Notice above that I typed in “yahoo money” and the SERP produced Yahoo! Money and Yahoo! Finance sub-domain sitelinks in their respective snippets. Could I produce a similar appearance for “ketofoodist blog” in a SERP? Nope.

Ketofoodist blog SERP snippet

In the SERP screenshot, you see a bunch of links for along with a link for the main site ( There are no sitelinks; the reason is because the blog sub-domain shares much of the same internal links as the main site by using the same menu and footer links. And, the header logo links to the main site homepage on the main site and sub-domain.

So the answer to the question—can your main site and blog have the same menu—is a resounding yes and there are SEO benefits. Sharing the same menu and footer links theoretically allows “PageRank” that flows to your blog sub-domain to disseminate throughout your main site. The next section demonstrates how you can leverage WordPress to be the menu manager for your main site and blog sub-domain. I use the same solution on Ketofoodist.

My Approach to Standardizing Menus – WordPress API Example

The goal is to produce a set of menu and footer links that can be displayed on and I’ll demonstrate how I accomplished by leveraging the WordPress API.

Please note: the following process involves familiarity with programming languages. This solution works for my website and I cannot guarantee it’ll work for the reader’s website. If you decide to use the code below, or any code in this article, I bear no responsibility how it impacts your website.

First, I need a way to output menu links and structure to the WordPress API REST endpoint. This doesn’t happen by default. While there are programmatic ways of making this happen, I opted for a plugin. I won’t reveal the exact plugin being used but you can use Google Search or the WordPress plugin directory to discover plugins which export menu data to the API.

Second, I need a function that will restructure the menu data in the API so that I can easily work with it. The WordPress API provides a lot of data; condensing its form makes it more convenient to consume it. Here’s the structure that I desire per menu link:

  • “Label”
  • “URL”
  • “Childs”
    • “Label”
    • “URL”
    • “Childs”

Since I plan to implement sub-menu items, I need a way for the structure to contain those items using the same “Label”/”URL”/”Childs” menu structure. The code below connects to the REST API endpoint using PHP’s curl library and uses an anonymous recursion function to build the menu data structure. It takes the menu slug as an input (using the menu slug provided by WordPress in the menu interface) and returns the menu structure data.

/** Retrieves menus from the WP API by use of the API slug
*	@param $menu_slug (string) - slug of the menu to use for the API
*	@return $menu_results (array) - menu data
function wp_menu_api( $menu_slug = "" ) {

$api_url_1 = "" . $menu_slug;
$ch = curl_init();
curl_setopt_array( $ch, array(CURLOPT_URL => $api_url_1, CURLOPT_HEADER => 0, CURLOPT_RETURNTRANSFER => 1) );

$wp_feed = curl_exec( $ch );
$json_feed = JSON_decode( $wp_feed );

//revert to backup saved file in home directory
//otherwise, end the function
if ( empty($json_feed) ) {
	return false;

$items = $json_feed->items;

//recursion function: auto-attaches child items if they're present
$menu_data = function($array) use ( &$menu_data ) {
  $return_array = [];
  for( $i = 0; $i < count($array); $i++ ) {
    $return_array[$i] = array( 								   
       "Label" => $array[$i]->post_title,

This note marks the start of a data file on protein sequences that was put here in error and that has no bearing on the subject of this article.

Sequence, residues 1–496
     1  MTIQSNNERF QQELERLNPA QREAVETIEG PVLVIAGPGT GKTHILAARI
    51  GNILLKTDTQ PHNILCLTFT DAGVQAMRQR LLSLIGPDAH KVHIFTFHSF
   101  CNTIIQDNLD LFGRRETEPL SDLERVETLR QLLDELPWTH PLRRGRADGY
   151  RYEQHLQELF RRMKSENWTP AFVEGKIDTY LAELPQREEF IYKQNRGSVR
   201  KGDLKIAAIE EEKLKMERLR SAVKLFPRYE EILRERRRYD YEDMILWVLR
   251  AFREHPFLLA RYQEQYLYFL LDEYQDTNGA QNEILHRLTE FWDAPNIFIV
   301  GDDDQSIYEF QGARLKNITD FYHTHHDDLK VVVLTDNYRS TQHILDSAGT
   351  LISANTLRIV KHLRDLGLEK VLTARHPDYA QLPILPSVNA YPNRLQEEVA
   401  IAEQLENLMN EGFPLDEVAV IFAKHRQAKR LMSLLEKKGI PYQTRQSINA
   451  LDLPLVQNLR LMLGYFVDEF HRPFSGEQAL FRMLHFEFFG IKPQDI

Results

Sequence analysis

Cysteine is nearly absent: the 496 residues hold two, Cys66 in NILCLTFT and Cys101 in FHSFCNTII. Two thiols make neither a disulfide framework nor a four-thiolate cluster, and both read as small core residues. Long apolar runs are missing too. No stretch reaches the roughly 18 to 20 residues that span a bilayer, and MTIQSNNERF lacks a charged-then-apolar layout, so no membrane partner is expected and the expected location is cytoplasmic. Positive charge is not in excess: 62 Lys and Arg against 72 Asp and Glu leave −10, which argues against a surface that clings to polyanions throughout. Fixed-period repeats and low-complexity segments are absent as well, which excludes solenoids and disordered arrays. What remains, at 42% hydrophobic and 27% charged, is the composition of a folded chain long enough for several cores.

"URL" => $array[$i]->url

    if ( isset($array[$i]->child_items) ) {
      $return_array[$i] = array_merge( $return_array[$i], array("Childs" =>   
          $menu_data($array[$i]->child_items)) );

  return $return_array;

$menu_results = $menu_data($items);
curl_close( $ch );

return $menu_results;

The anonymous in-function $menu_data returns the desired data structure. It takes the items node from the WordPress API and inputs it to $menu_data. The “for” loop iterates through each sub-node in items and assigns post_title to “Label” and “URL” to each array element of $return_array. If there are sub-menu items, they’ll be listed under child_items node in the WordPress API (the code uses “isset” to check for sub-menu items); that is inputted to $menu_data and the in-function runs recursively. The results of the recursive function are merged with $return_array using “array_merge”.

How do I display the menu data? For the top menu, here’s the code I use (below). It loops through each menu item (using “foreach”) and detects if sub-menu items are present (using the “isset” function). Special HTML is outputted to handle sub-menu items. Otherwise, the normal list HTML is displayed.

<?php foreach( $top_menu as $menu ) : ?>
<li><span><a href="<?php echo $menu['URL']; ?>"><?php echo $menu["Label"]; ?></a></span>

<?php if ( isset($menu["Childs"]) ) : ?>
<?php foreach ( $menu["Childs"] as $child ) : ?>
<?php if ( isset($child["Childs"]) ) : ?>
<li><span><a href="<?php echo $child['URL']; ?>"><?php echo $child["Label"]; ?></a></span>
<?php foreach ( $child["Childs"] as $nest_child ) : ?>								                	<li><a href="<?php echo $nest_child['URL']; ?>"><?php echo $nest_child["Label"]; ?></a>
<?php endforeach; ?>
<?php else : ?>
<li><a href="<?php echo $child['URL']; ?>"><?php echo $child["Label"]; ?></a></li>
<?php endif; ?>
<?php endforeach; ?>
<?php endif; ?>

<?php endforeach; ?>

These codes are used on the main site (, which is built utilizing my own custom framework, and used on the WordPress blog, (since they both leverage PHP). On WordPress, the API code can be inserted in the “functions.php” file or by a custom plugin that uses an include statement. The menu display code can be inserted in the “header.php” file or whichever file is used to output the header for the blog. I can use WordPress’s menu manager to configure menu links and structures for both and